Numbers are now sexy
Nerds of the world, rejoice, numbers are officially sexy. Infographics (information graphics) have existed for some time but are now going mainstream, so much so that we feature a new infographic almost every day now. It is a sexy way to present data that may be dry or complicated and present it in a modern, aesthetically pleasing way.
But it’s not just economists that are in on the game, real estate has flocked to data visualization to reveal trends with Trulia leading the charge having launched a website specifically for their interactive infographics with their massively respected in-house talent that has already impressed the world with various heat maps and data visualizations.
Cultural implications of infographics
The cultural implications of infographics are huge and it’s so much more than a chart people share on Twitter, it represents a shift toward streamlined design and interactive data. But it’s not just sexy numbers that are being presented in a very simplistic anti-1996-geocities-links-and-icons-everywhere way, Apple design for the last decade has lead the charge in taking the complicated and turning it into duh simple.
Graphic design in logos are more minimalistic, websites, smartphones and technologies are as well. It appeals to the multi-tasking use emerging in all generations of the people watching tv while listening to music on headphones, texting and typing on their laptop or tablet. It appeals to the shorter attention span in a world of (as Daft Punk said) technology pushing harder, better, faster and stronger and information thirsty consumers. How many of you know a ridiculous amount of trivia from web interactions than you ever would have without the web? Exactly.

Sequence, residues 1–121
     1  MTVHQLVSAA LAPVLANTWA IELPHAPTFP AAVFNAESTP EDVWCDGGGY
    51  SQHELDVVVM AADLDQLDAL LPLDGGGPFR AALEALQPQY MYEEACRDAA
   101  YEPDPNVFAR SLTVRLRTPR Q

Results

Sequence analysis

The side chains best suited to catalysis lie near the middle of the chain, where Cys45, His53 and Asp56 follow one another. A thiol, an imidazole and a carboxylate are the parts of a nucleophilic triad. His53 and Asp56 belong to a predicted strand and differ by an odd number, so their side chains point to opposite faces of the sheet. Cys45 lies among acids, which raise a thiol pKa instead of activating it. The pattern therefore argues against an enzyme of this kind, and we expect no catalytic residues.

The future of all of these elements combined
The above video outlines Microsoft’s vision for applying these streamlined, minimalistic and data intensive visualizations into real life, representing a hyper-intense version of current technologies. Microsoft isn’t promising hovercrafts like the Jestons did, these are all technologies that could theoretically exist in the market very soon but would obviously be cost prohibitive at first until a decade or so from now where we’re using flexible Harry-Potter-esque newspapers to get our daily information and communicating on smartphones that function as little computers (sound familiar?) with rapid speed and fully integrated into our desks and walls.
The future of data visualization goes hand in hand with the future of design and technology and Microsoft projects what our 2019 could look like and it seems feasible based on current technologies. What do you think of the video? What do you like or dislike?